Three New Reports Show The Ransomware Threat is Still Gaining Momentum

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Every time a new ransomware survey’s findings are revealed, there is a sense of trepidation. Despite people and enterprises knowing the risk of this malicious software, the mounting number of successful infections remains a cause for concern. Increased IT spending is one way to tackle this problem, but even the best of technologies cannot fix human error.

Ransomware Continues Its March To Success

Two new surveys have been released in the past seven days, both of which revolve around the topic of ransomware. One worrisome trend, noticed immediately, is that nearly half of the respondents have dealt with a ransomware infection over the past twelve months. The vast majority of them, 85% to be precise, has fallen victim not once, but three times or more.

Those numbers may sound familiar to some, as a similar trend was apparent about six months ago. It appears that enterprises and their staffers have not learned any valuable lessons from earlier mistakes when it comes to ransomware. SentinelOne’s survey paints a very troublesome picture, with more and more enterprises losing faith in their existing cyber security solutions.

Unfortunately, they are not the only company forced to draw these unpleasant conclusions. PhishMe reported how Locky ransomware remains very agile and fruitful. The malware has gone through several iterations in recent months, as the developers remain multiple steps ahead of security experts. Locky has been around for quite some time now and remains the most potent malware in the business.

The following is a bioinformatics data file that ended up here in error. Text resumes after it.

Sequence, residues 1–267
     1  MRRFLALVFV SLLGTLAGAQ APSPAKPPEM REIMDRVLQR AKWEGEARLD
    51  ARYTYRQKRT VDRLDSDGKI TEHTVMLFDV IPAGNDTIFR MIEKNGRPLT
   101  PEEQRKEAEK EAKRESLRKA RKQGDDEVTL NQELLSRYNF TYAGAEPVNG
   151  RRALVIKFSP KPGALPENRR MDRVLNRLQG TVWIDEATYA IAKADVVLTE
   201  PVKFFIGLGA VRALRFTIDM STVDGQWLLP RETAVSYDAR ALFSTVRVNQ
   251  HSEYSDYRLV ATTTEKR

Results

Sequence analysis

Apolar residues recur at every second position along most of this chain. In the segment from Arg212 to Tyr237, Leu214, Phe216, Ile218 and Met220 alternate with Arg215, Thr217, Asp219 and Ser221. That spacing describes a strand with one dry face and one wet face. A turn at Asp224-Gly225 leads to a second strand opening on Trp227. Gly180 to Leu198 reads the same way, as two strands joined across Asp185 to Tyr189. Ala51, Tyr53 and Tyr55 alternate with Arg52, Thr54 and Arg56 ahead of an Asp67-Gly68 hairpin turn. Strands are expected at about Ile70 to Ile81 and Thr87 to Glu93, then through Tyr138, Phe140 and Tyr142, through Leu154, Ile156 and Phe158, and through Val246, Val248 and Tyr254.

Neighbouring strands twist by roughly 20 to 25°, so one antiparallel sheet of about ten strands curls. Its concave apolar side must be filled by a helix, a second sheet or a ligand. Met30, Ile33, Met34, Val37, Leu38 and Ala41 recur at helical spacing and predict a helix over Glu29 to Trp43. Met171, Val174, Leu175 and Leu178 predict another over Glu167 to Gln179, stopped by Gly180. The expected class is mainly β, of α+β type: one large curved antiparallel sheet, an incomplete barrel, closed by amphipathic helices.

Priorities are shifting in the enterprise world, according to Cato Networks. In fact, 73% of CIOs interviewed have indicated  that their battle plan for 2017 will focus primarily on thwarting ransomware attacks. This is a great idea on paper, but it will require increased spending on IT infrastructure to pull off those efforts.

What makes ransomware so successful is the sheer ease-of-use with which it can be created. Developing malware has become increasingly comfortable. Interested parties can start from scratch and hire someone to do it or purchase an existing solution off the deep web and distribute it. Moreover, they can also become an “affiliate’ for existing ransomware developers, and earn a commission for every successful infection through their own method of distribution.

But software and technology are not the ones to blame in this equation. A malware infection is only successful once a human downloads the malicious software and opens it. Unfortunately, that is a problem technology cannot fix completely, albeit we can develop countermeasures to limit the number of potential attack vectors. Rather than increasing IT spending, training staffers on IT risks seems to be a better course of action to take.

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